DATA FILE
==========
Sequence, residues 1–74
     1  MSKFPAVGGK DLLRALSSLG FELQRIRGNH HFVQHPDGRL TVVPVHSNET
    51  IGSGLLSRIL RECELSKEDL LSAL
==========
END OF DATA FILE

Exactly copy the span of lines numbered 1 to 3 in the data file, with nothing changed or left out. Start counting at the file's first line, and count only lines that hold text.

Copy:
Sequence, residues 1–74
     1  MSKFPAVGGK DLLRALSSLG FELQRIRGNH HFVQHPDGRL TVVPVHSNET
    51  IGSGLLSRIL RECELSKEDL LSAL